Public Appearances and Show
Another facet of the queen’s image was her public appearances. The queen started to wow her public immediately at her coronation in Westminster Abbey on 15 January 1559 CE, one of the most sumptuous and expensive ceremonies ever seen. The great ceremony itself was preceded by a round of speeches, processions and pageants. For the big day, Elizabeth wore custom-made robes of velvet with ermine fur and trimmings of embroidered gold thread and pearls. Not only did she wow her court, government, and visiting dignitaries with her appearance wearing breathtaking dresses, ruffs, and hairpieces but she took care to appear before commoners, too. No English monarch ever toured their kingdom so frequently and showed themselves to so many of their people as Elizabeth did. The queen conducted at least 25 annual tours to various country residences of her nobles, usually travelling in great style with a vast entourage of courtiers, servants, 300 wagons, and 2,000 horses. Locals were often treated to free displays of pageantry and fireworks. There were, too, regular medieval tournaments at Greenwich, Hampton Court, and Whitehall, where knights jousted to win the queen’s favour. Elizabeth even tried to convince the public she was physically more robust than she actually was by frequently riding, hunting, and dancing at court.
Elizabeth, although frugal in most other matters, spent two hours squeezing into majestic dresses with extravagant collars and jewelled embellishments. Many of these Elizabeth bought herself but she also received many dresses and jewels as gifts from nobles and foreign rulers trying to woo her affections. Indeed, each New Year’s Day there was a tradition of giving the queen a new dress, jewels, and other gifts from each of her most prominent court members.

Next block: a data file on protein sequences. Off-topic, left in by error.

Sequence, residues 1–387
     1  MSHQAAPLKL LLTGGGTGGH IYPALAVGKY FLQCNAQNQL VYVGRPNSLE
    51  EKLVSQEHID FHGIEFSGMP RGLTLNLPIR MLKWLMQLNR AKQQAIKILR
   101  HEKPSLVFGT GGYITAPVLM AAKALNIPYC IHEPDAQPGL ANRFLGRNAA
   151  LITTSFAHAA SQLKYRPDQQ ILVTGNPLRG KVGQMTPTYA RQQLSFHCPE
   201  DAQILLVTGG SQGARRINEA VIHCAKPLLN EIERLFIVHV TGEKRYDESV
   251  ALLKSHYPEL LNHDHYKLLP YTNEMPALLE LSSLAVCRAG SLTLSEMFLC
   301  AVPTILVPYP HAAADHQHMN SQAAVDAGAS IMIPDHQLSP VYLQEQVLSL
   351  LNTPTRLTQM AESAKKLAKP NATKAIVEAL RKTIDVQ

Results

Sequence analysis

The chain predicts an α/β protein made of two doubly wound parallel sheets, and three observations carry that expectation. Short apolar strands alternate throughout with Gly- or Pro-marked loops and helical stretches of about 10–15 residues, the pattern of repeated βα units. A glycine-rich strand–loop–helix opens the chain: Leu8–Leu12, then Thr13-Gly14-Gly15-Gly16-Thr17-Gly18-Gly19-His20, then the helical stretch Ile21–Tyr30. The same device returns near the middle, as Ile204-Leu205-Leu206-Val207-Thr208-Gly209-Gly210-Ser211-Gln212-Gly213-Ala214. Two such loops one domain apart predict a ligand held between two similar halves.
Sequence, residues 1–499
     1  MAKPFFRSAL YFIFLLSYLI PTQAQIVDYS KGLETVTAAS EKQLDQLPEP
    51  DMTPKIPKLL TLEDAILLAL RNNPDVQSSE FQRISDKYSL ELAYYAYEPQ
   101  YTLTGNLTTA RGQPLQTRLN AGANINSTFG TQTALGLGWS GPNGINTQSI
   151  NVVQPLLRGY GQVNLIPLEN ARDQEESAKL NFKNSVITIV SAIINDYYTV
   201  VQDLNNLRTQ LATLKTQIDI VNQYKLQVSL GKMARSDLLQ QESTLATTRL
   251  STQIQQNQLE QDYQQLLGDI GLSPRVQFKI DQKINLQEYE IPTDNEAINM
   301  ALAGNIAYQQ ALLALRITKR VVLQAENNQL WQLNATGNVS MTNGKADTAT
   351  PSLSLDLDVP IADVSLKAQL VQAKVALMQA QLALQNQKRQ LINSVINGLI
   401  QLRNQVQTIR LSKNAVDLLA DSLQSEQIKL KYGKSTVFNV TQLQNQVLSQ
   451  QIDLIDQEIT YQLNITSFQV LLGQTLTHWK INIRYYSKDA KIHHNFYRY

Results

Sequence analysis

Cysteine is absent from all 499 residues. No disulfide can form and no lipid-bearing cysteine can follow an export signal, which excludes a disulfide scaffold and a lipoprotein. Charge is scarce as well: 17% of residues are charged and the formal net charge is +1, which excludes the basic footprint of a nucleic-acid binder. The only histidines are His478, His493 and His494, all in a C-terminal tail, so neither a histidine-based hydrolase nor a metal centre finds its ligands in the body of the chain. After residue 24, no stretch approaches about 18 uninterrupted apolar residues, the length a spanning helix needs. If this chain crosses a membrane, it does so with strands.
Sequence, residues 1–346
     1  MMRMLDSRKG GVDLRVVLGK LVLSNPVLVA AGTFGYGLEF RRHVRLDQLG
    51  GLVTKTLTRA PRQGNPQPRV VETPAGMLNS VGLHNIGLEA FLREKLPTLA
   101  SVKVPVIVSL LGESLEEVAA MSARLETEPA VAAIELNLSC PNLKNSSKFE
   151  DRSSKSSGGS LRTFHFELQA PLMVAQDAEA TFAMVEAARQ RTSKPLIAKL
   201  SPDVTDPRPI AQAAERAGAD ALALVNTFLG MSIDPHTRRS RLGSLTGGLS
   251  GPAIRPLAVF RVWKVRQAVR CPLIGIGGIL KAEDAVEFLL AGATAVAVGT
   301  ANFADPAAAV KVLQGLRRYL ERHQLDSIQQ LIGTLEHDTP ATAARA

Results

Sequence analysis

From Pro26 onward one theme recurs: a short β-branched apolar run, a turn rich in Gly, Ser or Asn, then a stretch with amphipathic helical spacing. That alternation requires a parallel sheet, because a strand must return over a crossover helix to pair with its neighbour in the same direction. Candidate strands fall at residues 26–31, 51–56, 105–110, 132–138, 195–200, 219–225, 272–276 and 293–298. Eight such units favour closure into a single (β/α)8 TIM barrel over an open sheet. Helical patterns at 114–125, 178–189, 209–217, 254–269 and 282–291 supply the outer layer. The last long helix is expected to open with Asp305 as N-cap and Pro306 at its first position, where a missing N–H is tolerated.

The queen wore a striking array of wigs, unfortunately, necessitated by an attack of smallpox in December 1562 CE which had left her with bald patches. The disease had also left Elizabeth with facial scars, which explains her use of thick white makeup. The ravages of the disease and the passage of time perhaps also explain why the queen insisted her residences have no mirrors. Even during wartime, Elizabeth could not resist the opportunity of a memorable public appearance. When the Spanish Armada attacked England in the summer of 1588 CE, the queen visited her land army awaiting the invaders at Tilbury. Elizabeth appeared resplendent wearing shining armour on her torso and riding a grey gelding. She then gave a rousing speech that victory would belong to England.
The Royal Portraits
As few would ever see their queen in person, portraits were an especially powerful way of communicating the message of Elizabeth’s right to rule and her success at it. Portraits were regularly commissioned by celebrated artists, although they often show the idealised ‘Mask of Youth’ of the queen, even if some do show a slight ageing of their subject as she went through her 44-year reign. The miniaturist specialist Nichola Hilliard (1547-1619 CE) was the Peter Carl Fabergé of the period and he produced officially-approved idealised portraits, albeit exquisitely rendered in gold and other precious materials like the famous Armada Jewel. The queen’s larger portraits copied this idealised approach, but they have the additional interest of being packed full of meaning and symbolic imagery. So carefully orchestrated was this build-up of the flattering royal portrait album that from 1563 CE, Elizabeth even banned the production of unofficial portraits of the royal person. Below is an examination of just some of the most famous of Elizabeth’s portraits painted during her lifetime.
The Pelican Portrait
The Pelican Portrait, so-called because of a pelican brooch the queen wears, was painted around 1574 CE by Nicholas Hilliard. The queen is wearing a red and cream dress studded with pearls and square-cut jewels. The pelican brooch hangs at the centre of Elizabeth’s chest with its wings spread wide. The bird was a symbol of redemption and charity as a mother pelican was said, in times of strife, to pierce her own chest to feed her young from her own blood. Above the queen, on the left, is the Tudor Rose and on the right the fleur-de-lis, symbol of England’s ongoing claim to the French throne. Above both of these symbols is an arched imperial crown. The Pelican Portrait now resides in the Walker Art Gallery, Liverpool, England.
The Sieve Portrait